I was sitting in a small restaurant when I heard screams coming from the car park below. Black clouds of smoke started rising past the window. Not knowing what had happened on the street below, I picked grabbed my belongings, got up and walked out of the restaurant towards the top side car park.
When I found out what it happened, I went back to the restaurant, paid my bill and afterwards drove around to see the site of the accident. When I got there the two business people who work in the small sit-down and take-away restaurant were seated in chairs with severe burn marks on their legs. A gas fire had spread rapidly in the shop and they were closest to the source of the gas and suffered damage to their bodies. Fortunately, the shop owner above this restaurant knew first aid and was attending to these business people with burn gel while contacting the paramedics and ambulance service. This small sit-down and take-away restaurant business was trading only for over a year. Who knows when it will open again?
Accidents and losses like this can be devastating to any small business, threatening the quality of life and livelihoods. The SHEQ guide to managing risk shows how the obvious costs are only the “tip of the iceberg”. These are often those related to injuries and illnesses such as medical costs, insurance, worker compensation and the costs to cover lost time of the injured or ill. However guides to risk management indicate that research shows that once all costs have been identified including those “hidden below the surface” the numbers may be 6 to 53 times the injury and illness costs.
How can small businesses afford such losses?
It’s amazing that small business plans prepared or assisted by so-called business advisers don’t usually include health and safety risk assessments and OHS management systems – even if these systems are not formal such as the OSHAS 18001. Market risk, financial risks, operational risks, distribution risks and even security risks are considered in a small business plan but why not health and safety risks? These can have huge consequences for any small business.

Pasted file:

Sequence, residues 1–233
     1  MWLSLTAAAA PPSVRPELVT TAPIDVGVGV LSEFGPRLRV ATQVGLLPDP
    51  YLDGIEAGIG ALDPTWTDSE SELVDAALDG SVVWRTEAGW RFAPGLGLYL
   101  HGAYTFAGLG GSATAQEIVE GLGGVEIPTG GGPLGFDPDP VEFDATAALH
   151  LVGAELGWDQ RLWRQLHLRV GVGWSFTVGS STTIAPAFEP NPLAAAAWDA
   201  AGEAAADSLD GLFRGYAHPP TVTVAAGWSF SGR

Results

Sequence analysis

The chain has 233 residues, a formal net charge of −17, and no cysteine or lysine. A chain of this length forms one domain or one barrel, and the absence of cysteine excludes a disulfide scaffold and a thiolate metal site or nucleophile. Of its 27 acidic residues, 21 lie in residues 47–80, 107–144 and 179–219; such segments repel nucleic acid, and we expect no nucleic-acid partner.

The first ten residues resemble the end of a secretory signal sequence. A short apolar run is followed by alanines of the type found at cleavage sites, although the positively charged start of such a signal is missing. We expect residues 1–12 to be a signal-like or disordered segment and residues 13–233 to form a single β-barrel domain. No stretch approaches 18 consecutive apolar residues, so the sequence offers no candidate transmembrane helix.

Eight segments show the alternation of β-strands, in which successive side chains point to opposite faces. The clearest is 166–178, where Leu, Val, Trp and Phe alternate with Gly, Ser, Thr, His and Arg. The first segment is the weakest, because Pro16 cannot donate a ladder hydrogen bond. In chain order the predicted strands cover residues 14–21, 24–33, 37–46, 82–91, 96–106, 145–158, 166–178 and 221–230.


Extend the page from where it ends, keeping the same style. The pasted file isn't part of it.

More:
What can you do in your business? It’s important to identify hazards in the form of people, equipment, materials, substances, physical conditions, chemicals, plant, machinery, tools, and activities. When the hazards have been identified the level of risk and the threat that it poses to the small business needs to be analysed and determined. As the OHS good practices indicate, it is important to either terminate a hazard or treat the risk through elimination, substitution or engineering. This may include reducing the amount of hazards, modifying the basic qualities of their hazard, changing work methods and processes and even separating the hazard from people or objects that could be harmed.
We know we have a low health and safety culture and practice in most small businesses. But it’s time that we change this. Incidents whether it be injuries or illnesses, damage to property and equipment or the environment can threaten the survival of a small business. Making health and safety part of the small business’ overall vision, culture, objectives, practices and processes even in an informal way without incurring high implementation costs is necessary. All risks need to be properly identified, evaluated and controlled.
Do you want to do something about health and safety in your small business?
Go here now to find out the first step you should take.